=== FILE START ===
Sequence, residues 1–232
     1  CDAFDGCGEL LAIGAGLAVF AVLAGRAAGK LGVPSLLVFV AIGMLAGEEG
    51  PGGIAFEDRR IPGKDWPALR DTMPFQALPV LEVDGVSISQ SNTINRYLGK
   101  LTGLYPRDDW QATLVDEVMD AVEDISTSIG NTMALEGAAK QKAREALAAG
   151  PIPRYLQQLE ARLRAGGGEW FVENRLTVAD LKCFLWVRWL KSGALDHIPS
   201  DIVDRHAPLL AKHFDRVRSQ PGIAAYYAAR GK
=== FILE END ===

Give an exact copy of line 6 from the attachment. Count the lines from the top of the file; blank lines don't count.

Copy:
   201  DIVDRHAPLL AKHFDRVRSQ PGIAAYYAAR GK